Beyond upper management buy-in, there are six other critical factors that will determine whether or not security policies are effective. In no particular order, these factors are as follows:

People must be aware of information security and privacy policies.

Perhaps the greatest mistake in information security and privacy policies management is that organizations create them and then put them on a shelf without making anyone aware of them. The organization would be just as well off without information security and privacy policies in this case. Refer to Chapter 24 for details on the best ways to get the word on your security policies out to everyone involved.

Create a committee to develop information security and privacy policies.

You do not want to develop information security and privacy policies all by yourself. This could be misconstrued as one-sided or biased, and this is certainly not the position any one individual wants to be in. Additionally, you must consider the expertise of your business leaders to ensure the policies you create are feasible. Get other people involved. It is preferable to get HR, Legal, facilities management, IT and applicable business unit representatives to help with this.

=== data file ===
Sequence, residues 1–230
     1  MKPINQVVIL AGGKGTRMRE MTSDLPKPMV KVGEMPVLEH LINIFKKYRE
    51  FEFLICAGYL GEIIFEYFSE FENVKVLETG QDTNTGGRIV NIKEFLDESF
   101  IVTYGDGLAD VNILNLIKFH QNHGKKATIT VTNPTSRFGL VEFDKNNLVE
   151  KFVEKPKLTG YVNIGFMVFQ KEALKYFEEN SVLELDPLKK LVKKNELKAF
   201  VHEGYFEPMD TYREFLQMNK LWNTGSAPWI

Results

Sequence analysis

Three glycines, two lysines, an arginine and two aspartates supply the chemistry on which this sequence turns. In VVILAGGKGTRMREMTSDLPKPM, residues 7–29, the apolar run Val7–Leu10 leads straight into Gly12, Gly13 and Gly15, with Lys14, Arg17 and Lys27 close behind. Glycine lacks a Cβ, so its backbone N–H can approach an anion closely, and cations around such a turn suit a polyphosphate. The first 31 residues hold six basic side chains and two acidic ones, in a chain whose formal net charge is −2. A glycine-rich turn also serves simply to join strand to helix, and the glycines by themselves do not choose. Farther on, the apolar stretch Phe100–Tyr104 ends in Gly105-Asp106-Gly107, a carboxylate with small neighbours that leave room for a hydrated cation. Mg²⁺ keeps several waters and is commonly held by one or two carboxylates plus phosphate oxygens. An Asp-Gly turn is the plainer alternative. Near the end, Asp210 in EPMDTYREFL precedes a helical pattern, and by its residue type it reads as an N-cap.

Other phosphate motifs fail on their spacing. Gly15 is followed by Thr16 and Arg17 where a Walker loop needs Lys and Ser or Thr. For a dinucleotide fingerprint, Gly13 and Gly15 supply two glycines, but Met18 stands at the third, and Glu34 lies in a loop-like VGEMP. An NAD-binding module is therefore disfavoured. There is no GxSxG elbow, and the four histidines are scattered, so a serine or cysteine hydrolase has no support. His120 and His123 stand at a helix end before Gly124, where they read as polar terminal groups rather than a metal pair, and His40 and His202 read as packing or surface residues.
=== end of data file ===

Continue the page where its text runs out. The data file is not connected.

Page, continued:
Information security and privacy policies must be specific to your organization.

You cannot simply buy an information security and privacy policies book or download sample policies off the Internet and apply them verbatim to your immediate needs. Do not get us wrong; these policies are a *great* place to start -- they can definitely save you a lot of time, money, and effort. Plus they help you to ensure you are covering all the topics you need to cover. Just remember to tailor these policies to your organization's specific needs and requirements. In fact, try to relate your information security policies to your privacy policies whenever possible. Tailoring these policies should not take a lot of work, and it is absolutely necessary to make sure your information systems and protected health information (PHI) are properly protected in your particular environment.

Information security and privacy policies must be readable and understandable.